Focusing on the Fundamentals: The Importance of Good Metadata in Digital ProjectsProfessional Forum
Sarah Vela, University of Alberta, Canada
The advancements in computing and communication technologies over the past decade have created great opportunities for museums to span beyond their physical galleries and increase their presence in society. A growing number of institutions now offer access to their collection records online, some of them with quite sophisticated interfaces and information retrieval systems. While there is inherently more gratification in focusing on visual features and interface design, and the inclusion of maps, timelines, faceted browsing and the like can enhance the engagement and understanding of users, the core of these systems is the metadata they draw upon, and this is an aspect that is frequently overlooked.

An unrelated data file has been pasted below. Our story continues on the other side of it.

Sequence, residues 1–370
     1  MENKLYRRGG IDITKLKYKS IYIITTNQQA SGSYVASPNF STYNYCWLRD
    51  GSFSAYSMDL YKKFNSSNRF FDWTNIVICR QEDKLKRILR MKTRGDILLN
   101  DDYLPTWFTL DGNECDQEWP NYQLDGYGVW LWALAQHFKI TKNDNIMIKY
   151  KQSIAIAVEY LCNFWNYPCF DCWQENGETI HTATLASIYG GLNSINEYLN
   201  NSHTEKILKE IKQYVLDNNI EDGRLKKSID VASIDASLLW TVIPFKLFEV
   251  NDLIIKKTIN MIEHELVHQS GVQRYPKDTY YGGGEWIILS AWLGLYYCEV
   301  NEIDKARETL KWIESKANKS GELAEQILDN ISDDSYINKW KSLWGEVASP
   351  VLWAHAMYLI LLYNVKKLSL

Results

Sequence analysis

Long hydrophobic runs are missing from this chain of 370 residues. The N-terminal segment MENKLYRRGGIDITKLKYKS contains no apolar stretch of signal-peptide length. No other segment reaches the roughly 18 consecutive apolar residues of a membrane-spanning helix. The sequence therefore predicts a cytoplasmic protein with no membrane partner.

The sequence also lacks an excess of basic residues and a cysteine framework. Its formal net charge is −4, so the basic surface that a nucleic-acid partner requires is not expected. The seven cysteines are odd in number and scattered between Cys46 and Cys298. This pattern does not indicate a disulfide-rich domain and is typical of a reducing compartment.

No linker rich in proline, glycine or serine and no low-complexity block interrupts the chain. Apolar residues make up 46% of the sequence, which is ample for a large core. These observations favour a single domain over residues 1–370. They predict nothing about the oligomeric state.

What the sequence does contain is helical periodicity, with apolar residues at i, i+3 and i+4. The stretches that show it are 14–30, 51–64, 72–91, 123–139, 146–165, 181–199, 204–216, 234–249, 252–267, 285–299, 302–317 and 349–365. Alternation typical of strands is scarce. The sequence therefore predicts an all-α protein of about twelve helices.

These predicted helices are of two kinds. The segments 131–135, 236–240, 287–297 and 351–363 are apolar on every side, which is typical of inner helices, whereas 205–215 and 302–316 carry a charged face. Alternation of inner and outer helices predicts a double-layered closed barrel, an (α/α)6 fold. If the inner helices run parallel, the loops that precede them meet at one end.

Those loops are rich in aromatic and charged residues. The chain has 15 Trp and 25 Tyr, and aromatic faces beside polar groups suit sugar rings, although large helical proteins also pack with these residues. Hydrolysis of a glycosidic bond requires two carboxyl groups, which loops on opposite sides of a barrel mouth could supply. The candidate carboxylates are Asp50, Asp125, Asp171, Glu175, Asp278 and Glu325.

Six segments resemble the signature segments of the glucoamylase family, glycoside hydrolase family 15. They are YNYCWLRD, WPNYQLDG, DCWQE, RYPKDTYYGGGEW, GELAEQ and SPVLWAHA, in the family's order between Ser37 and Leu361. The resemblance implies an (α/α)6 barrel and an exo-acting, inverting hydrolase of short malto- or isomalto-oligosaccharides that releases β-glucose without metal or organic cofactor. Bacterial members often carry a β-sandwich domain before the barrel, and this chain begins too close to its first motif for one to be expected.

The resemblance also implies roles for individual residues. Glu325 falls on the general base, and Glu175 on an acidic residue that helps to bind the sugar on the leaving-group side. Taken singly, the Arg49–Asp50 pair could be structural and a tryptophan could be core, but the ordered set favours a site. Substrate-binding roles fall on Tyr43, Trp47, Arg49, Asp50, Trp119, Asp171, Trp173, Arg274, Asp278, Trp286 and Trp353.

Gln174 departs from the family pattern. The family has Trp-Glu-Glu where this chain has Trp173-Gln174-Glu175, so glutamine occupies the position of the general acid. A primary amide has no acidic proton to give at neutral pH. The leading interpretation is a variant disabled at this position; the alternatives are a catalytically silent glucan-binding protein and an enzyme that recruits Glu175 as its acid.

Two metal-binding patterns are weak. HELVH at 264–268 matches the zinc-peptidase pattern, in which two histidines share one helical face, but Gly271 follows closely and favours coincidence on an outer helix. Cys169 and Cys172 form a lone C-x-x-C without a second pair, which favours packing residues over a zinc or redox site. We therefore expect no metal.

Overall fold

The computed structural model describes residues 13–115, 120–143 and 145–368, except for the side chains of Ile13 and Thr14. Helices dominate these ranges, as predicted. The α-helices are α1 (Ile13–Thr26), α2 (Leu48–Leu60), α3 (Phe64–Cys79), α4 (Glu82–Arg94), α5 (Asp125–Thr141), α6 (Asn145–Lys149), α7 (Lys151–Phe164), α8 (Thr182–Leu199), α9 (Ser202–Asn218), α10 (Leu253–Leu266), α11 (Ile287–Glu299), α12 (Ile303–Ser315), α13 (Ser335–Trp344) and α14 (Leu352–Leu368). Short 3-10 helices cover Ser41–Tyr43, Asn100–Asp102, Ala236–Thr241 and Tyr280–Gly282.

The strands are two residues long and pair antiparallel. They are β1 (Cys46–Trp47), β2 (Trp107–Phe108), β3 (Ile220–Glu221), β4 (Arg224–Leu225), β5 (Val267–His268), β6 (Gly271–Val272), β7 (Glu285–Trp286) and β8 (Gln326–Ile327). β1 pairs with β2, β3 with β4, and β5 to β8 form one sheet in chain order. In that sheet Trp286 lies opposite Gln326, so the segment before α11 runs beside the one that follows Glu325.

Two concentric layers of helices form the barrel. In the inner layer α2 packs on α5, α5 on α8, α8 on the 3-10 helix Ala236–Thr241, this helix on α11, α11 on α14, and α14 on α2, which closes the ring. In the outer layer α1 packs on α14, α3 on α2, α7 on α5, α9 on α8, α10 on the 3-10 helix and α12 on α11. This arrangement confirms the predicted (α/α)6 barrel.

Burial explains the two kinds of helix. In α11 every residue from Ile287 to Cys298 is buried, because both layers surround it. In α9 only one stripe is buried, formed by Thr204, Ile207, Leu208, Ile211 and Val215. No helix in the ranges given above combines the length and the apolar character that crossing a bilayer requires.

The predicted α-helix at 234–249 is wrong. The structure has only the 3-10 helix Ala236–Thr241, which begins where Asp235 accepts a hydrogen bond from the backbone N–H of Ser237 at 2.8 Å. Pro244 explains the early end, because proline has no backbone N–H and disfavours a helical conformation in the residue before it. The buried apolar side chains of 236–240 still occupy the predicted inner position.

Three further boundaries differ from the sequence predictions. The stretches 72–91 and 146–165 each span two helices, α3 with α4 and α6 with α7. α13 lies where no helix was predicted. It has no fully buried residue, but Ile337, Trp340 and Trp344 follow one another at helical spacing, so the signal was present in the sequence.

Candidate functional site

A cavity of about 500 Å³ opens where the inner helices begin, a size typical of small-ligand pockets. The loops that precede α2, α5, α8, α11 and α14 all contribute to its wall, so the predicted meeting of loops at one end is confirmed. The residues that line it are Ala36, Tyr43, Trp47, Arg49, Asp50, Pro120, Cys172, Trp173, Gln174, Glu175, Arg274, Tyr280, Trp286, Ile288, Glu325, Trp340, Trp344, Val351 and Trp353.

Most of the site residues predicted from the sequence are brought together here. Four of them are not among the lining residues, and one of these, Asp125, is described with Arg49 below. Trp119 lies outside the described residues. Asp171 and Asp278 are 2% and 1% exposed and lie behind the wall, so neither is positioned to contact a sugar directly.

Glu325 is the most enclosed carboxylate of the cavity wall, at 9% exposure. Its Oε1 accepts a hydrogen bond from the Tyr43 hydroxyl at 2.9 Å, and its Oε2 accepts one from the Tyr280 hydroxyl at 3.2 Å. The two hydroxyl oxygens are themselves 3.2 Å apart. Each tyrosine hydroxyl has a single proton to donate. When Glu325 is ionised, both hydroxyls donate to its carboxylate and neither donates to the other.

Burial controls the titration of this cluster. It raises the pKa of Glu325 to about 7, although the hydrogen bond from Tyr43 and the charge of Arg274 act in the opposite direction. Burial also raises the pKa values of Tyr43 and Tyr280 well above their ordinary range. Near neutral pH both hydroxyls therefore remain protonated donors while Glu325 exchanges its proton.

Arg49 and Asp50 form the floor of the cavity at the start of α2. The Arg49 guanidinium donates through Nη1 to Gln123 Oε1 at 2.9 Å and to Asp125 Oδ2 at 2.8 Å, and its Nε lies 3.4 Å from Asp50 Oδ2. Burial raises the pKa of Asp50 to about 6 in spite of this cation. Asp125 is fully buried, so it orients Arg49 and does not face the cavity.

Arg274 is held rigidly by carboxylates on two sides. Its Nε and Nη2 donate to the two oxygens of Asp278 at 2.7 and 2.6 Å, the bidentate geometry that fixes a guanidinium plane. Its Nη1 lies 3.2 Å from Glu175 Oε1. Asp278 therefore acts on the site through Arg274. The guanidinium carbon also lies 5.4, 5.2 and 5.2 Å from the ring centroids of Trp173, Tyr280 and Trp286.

This presentation will illustrate how the metadata included in collection records affects both a website’s interface and how well it serves users. Drawing on theoretical and real-world examples, it will demonstrate both the potential consequences of having poor data, and what becomes possible when information is complete, standardized and properly separated. Specific aspects of websites to be discussed include information retrieval systems, visualizations such as maps and graphs, online exhibits and record usability. The implications of metadata quality on recent trends, particularly networks, linked data and Web 2.0 functionality, will also be examined. If museums are to take full advantage of the affordances offered by digital technologies and increase their prevalence in modern culture, they must first understand the connection between interface functionality and the data that supports it. Ensuring that collection documentation is adequate will increase the likelihood that projects will be successful, open the door for new features, and help ensure that museums can keep pace with emerging trends.
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